The hike to Sugar Creek Falls is a rewarding hike! There are 3 waterfalls involved in what is a fairly short hike and of reasonable difficulty, but enough to be still be considered an adventure.
I have had my eye on this area for awhile now, as 2 of these are on the “Kevin Adams 500 Waterfall Challenge”. Sugar Creek Falls comes in at #221 and Upper Sugar Creek Falls comes in at #222. I did not see a listing for the Waterfall on Dryland Laurel Branch, which is a smaller waterfall that flows over the same drop as Sugar Creek Falls. It was actually quite scenic in itself. I have also had my eye on this section as my stepdaughter once had plans to attend Western Carolina University. I was to visit a waterfall here each time I visited. It didn’t work out that way, as she chose another university. Luckily, my wife and I like to stay in Dillsboro from time to time, which is very close to this area, downstream of the dominant river in this area, the mighty Tuckaseegee.
To find this beautiful place, find the main entrance to Western Carolina University in Cullowhee, NC along State Highway 107. Travel south of the main entrance for about 3.8 miles mainly following the Tuckaseegee River upstream. Look for a left turn onto Caney Fork Rd to turn left. There will be a brown sign for Judaculla Rock. Follow Caney Fork Rd for 8.8 miles. This road follows…big surprise here….the Caney Fork. At the 8.8 mile mark, there will be a small church on the right. Take a right here onto Sugar Creek Rd. Follow it a little over half a mile. The pavement will end and enter the forest. I parked just before a bridge crosses Sugar Creek. The road becomes quite rough from here on, so the hike begins here.
Start out by walking up the dirt road. At a fork in the road here, keep left. After 0.2 miles, the road will cross Sugar Creek. Staying dry is is difficult, but doable if the water level is low. After another 0.2 miles the road will make a sharp left curve. A smaller trail will break off here, following Sugar Creek upstream to the falls. There is a tree with some wood nailed in it that will help mark this.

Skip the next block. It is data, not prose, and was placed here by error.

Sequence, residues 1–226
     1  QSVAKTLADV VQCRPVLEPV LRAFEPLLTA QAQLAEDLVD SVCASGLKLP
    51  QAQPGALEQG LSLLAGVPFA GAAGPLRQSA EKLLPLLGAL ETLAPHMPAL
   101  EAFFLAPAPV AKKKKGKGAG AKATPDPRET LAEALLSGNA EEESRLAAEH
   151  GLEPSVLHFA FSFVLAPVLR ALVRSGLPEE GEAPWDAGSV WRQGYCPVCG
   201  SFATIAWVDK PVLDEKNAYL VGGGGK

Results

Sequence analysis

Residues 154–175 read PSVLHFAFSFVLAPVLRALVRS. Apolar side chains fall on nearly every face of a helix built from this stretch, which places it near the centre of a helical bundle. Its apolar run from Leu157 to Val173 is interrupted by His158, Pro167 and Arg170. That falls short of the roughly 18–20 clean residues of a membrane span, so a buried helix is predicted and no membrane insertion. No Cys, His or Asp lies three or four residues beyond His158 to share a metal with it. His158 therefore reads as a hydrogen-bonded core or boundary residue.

Keep following the trail upstream and soon the waterfall will be in sight. I believe Sugar Creek Falls is about 1/2 mile from where I parked. Just as it is with many waterfalls, getting down to the base is the most challenging section. This one is no where close to the most difficult, but you will need to be careful here. You are a long ways from any help here. Once down,….what a beautiful setting. Two gorgeous waterfalls, each 25-30 feet tall in a plush green setting, dotted with wildflowers. I didn’t have a lens wide enough to get a good shot of both waterfalls in one photo, so I took them individually.
After spending a good 15 minutes here, there is another waterfall upstream….Upper Sugar Creek Falls. I walked back to the trail I was on and continued upstream. It is not far, but this is where the real fun of my hike began. Once I found the falls, getting down to them was somewhat challenging, a little more so than Sugar Creek Falls. The correct way down to the base was not clearly marked from the trail I was on, so I came up with my on way down… It took me 2 attempts to do this. My first attempt was to go down at an angle, as the slope here is somewhat steep. Unfortunately, my way down just became too difficult and I decided to go back up and try another way. The second way wasn’t much easier but it was safer…It involved some bushwacking, instead of maneuvering wet slippery steep rocks, and I was not to be denied after making it this far. Once there, it was beautiful. It was about the same size as Sugar Creek Falls, but quite different, with just a gorgeous, huge light green spring canopy above it.